Nov. 15, 2002
Polyetherimide (PEI) is an amorphous engineering thermoplastic characterized by high heat resistance, high strength and modLilus, excellent electrical properties that remain stable over a wide range of temperatures and frequencies, and excellent processibility.

Polyetherimide (PEI) is an amorphous engineering thermoplastic characterized by high heat resistance, high strength and modLilus, excellent electrical properties that remain stable over a wide range of temperatures and frequencies, and excellent processibility. Unmodified PEI resin is transparent and has inherent flame resistance and low-smoke evolution. The resin is produced by the General Electric Co. under the Ultem trademark.

Polyetherimide resin is available in an unreinforced grade for general-purpose injection molding, blow molding, foam molding, and extrusion, in four glass-fiber-reinforced grades (10, 20, 30, and 40% glass), in bearing grades, and in several high-temperature grades. The unreinforced grade is available as a transparent resin and in standard and custom colors. Also available is an impact-modified Ultem sheet.

The resin can be processed on conventional thermoplastic molding equipment. Melt temperatures of 660 to 800°F are typical for injection-molding applications. Mold temperatures of 150 to 350°F are required.

Polyetherimide is extruded to produce profiles, coated wire, sheet, and film. Film thicknesses as low as 0.25 mil are obtained by solvent-casting techniques. Molded and extruded parts can be machined using either conventional or laser techniques and can be bonded together or to dissimilar materials using ultrasonic, adhesive, or solvent methods.

Properties: The UL continuous-use listing of PEI is 338° F; gIass m transition temperature is 419 ° F, and heat-deflection temperature is 392° F at 264 psi, contributing to its high strength and modulus retention for service under load at elevated temperatures. Unmodified polyetherimide is listed by UL as 94V-0 at 0.016 in. and 94-5V at 0.075 in. without the use of additives. Limiting oxygen index is 47%, one of the highest among the engineering thermoplastics. Smoke evolution, as measured in the NBS chamber test (ASTM E662), is low.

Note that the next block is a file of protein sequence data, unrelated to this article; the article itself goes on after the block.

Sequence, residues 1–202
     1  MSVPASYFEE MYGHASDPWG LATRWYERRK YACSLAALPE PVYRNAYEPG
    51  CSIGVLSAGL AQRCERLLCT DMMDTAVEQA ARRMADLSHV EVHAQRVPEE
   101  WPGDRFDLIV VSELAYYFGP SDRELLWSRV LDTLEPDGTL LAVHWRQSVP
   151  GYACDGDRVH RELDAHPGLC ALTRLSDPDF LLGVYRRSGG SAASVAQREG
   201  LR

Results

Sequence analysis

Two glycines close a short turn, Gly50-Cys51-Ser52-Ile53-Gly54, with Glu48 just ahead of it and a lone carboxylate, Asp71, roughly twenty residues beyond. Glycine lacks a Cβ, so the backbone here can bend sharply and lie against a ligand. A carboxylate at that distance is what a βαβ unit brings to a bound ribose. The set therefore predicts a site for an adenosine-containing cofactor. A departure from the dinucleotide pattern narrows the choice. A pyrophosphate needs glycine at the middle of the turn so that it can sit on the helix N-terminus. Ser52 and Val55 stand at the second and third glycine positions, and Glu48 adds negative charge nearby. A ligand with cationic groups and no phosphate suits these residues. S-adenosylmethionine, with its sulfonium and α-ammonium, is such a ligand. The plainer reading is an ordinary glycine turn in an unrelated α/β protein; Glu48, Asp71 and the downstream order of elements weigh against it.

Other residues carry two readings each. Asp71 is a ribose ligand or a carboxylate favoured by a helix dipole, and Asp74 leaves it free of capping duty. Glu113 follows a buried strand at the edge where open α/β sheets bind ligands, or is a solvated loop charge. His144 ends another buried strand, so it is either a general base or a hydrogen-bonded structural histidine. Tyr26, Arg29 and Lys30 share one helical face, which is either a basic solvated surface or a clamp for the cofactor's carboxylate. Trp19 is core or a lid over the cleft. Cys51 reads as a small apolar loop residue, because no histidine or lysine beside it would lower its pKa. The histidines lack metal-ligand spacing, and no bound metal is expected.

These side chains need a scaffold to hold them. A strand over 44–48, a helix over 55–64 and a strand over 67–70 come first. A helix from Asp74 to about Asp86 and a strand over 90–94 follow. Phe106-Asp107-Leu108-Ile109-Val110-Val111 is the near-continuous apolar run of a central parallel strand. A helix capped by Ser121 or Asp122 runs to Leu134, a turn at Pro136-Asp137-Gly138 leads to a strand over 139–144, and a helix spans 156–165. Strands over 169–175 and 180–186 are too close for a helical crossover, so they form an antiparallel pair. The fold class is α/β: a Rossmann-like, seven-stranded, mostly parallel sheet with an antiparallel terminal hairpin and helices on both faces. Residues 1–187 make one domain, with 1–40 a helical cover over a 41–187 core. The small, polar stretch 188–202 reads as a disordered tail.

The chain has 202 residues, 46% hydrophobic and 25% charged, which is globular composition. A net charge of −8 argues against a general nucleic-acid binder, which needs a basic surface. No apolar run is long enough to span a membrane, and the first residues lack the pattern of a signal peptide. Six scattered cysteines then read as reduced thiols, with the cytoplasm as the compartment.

Dielectric constant of PEI remains virtually unchanged between frequencies of 60 10° Hz and temperatures of 73 to insulative capabilities are demonstrated by the high volume resistivity 10"' ohm-cm and dielectric strength ranging from 830 V/mil at 1/16 in. in air to greater than 6,500 V/mil for submil firm thicknesses. Arc resistance exceeds 120 sec, meeting one of the UL electrical requirements for sole support of live parts.

A key feature of polyetherimide is maintenance of properties at elevated temperatures. For example, at 356°F, tensile strength and flexural modulus are 6,000 and 300,000 psi. Moduli and strengths of the glass-reinforced grades are still higher. For example, flexural modulus is 1,300,000 psi and 10 ° Hz 180 ° F.

Polyetherimide has good creep resistance as indicated by its apparent modulus of 350,000 psi after 1,000 hr at 180T under an initial applied load of 5,000 psi. Gardner impact strength is in excess of 320 in.-lb at room temperature. Ile resin is notch sensitive, however, so sharp corners and other stress concentrations should be minimized for maximum impact resistance. Tensile elongation at yield of 8% provides the necessary ductility for snap-fit designs.

The resin resists a broad range of chemicals under varied conditions of stress and temperatures. Compatibility has been demonstrated with aliphatic hydrocarbons and alcohols including gasoline and gasohol, mineral-salt solutions, dilute bases, and fully halogenated hydrocarbons. Resistance to mineral acids is outstanding. The polymer is attacked by partially halogenated solvents such as methylene chloride and trichloroethane and by strong bases.

Resistance to UV radiation is good; change in tensile strength after 1,000 hr of xenon arc exposure is negligible. Resistance to gamma radiation is also good, strength loss is less than 6% after 500 megarads exposure to cobalt 60 at the rate of one Mrad/hr.

Hydrolytic-stability tests show that more than 85% of tensile strength is retained after 10,000 hr of boiling-water immersion. The material is also suitable for applications requiring short-term or repeated steam exposure.

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